Thinking of a Career in Emergency Management?
- BY Nicole Pelette
The Public Health Foundation of India (PHFI) is working towards building a healthier India. It is helping to address the limited institutional and systems capacity in India by strengthening education and training, advancing research and technology and facilitating policy and practice in the area of Public Health. PHFI is headquartered in New Delhi with national presence through its constituent units of regional Indian Institutes of Public Health (IIPHs) and Centers of Applied Research in core public health themes. The Foundation, established in 2006 as a public private initiative, is governed by an independent board comprising of senior government officials, eminent Indian and International academic and leaders, civil society representatives and corporate leaders.
The Center for Environmental Health is a joint initiative of the Public Health Foundation of India and the Tata Institute of Social Sciences (Mumbai), and has been established with generous support from Tata Sons and Tata Consultancy Services. Environmental Health is an area of growing interest for PHFI, with our work in the space expanding over the past few years to address issues related to air pollution, climate change, pesticide use, and water, sanitation and hygiene (WASH), while the Tata Institute of Social Sciences (TISS) has been in the forefront of studying the social, economic and environmental determinants of health. This collaborative effort aims to set up this much-needed platform in India for dedicated and high quality research and capacity building in the area of environmental health.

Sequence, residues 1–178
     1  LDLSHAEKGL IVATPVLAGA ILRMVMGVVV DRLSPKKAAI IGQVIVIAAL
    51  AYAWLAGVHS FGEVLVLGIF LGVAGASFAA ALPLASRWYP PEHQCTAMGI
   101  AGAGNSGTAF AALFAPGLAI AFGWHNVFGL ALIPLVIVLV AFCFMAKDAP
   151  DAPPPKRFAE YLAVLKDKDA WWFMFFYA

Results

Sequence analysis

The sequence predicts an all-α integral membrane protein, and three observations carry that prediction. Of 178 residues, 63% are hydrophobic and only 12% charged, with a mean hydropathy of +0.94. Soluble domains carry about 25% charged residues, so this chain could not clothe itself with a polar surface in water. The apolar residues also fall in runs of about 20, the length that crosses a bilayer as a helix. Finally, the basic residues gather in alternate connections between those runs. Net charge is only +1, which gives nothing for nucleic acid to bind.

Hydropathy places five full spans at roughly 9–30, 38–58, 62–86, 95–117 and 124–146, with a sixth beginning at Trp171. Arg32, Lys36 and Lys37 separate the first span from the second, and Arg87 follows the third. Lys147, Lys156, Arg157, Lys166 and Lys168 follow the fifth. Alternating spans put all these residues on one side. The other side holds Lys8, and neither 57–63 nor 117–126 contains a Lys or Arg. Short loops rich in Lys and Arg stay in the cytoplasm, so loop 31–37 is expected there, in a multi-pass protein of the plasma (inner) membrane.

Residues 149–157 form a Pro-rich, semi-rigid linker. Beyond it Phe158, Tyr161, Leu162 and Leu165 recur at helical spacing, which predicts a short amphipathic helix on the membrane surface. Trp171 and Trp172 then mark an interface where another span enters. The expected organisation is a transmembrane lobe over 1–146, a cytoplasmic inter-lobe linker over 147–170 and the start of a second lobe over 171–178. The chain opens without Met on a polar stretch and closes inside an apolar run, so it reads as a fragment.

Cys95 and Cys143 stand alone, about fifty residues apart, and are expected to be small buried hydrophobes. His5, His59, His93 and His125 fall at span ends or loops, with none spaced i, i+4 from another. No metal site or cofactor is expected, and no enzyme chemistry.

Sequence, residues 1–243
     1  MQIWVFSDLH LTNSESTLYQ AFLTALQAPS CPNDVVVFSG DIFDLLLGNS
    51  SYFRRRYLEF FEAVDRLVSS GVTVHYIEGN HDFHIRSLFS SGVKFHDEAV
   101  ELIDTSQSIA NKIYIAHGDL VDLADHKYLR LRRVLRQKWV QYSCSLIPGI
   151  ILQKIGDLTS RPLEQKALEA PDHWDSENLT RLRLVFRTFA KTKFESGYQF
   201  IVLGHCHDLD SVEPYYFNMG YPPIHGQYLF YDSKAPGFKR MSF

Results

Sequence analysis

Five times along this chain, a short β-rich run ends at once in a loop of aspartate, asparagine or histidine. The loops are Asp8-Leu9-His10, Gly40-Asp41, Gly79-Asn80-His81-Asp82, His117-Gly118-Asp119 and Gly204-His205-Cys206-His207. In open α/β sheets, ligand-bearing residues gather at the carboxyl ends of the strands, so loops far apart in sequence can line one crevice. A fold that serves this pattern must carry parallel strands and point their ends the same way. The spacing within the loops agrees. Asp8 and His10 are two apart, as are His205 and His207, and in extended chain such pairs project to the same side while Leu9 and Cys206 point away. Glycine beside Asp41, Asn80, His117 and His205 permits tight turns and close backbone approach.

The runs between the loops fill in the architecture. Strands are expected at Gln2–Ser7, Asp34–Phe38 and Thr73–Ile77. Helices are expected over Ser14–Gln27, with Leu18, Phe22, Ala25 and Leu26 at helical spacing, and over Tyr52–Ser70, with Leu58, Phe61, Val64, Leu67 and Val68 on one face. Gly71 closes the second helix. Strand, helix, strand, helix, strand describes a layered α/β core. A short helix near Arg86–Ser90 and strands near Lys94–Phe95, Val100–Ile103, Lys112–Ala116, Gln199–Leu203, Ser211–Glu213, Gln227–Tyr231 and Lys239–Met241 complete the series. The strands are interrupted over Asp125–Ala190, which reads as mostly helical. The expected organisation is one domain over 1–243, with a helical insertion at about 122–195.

In addition to a portfolio of research in areas such as climate change, chemical exposures and WASH, the Center also focuses on Air Pollution in India. Household and ambient air pollution (HAP and AAP) rank amongst the top risk factors leading to a range of adverse health outcomes including respiratory and cardiovascular diseases – key reasons for air pollution induced premature deaths – per the Global Burden of Disease 2013 country report for India. Annual premature deaths caused by particulate air pollution have increased by six times since the year 2000. Air pollution caused 1.4 million deaths in India in 2013. The burden is borne disproportionately by the poor (especially women and children) primarily due to the widespread use of biomass cook-stoves in India. Indian women may also be susceptible to environmental impact due to their diet and poor nutritional status, predisposing them to further negative health outcomes.
Center’s efforts will explore epidemiological and qualitative research to understand how ambient and household air pollution impacts the health of urban and rural communities; engage with policy makers to influence health-beneficial policies; and undertake risk communication efforts with at-risk communities and general public.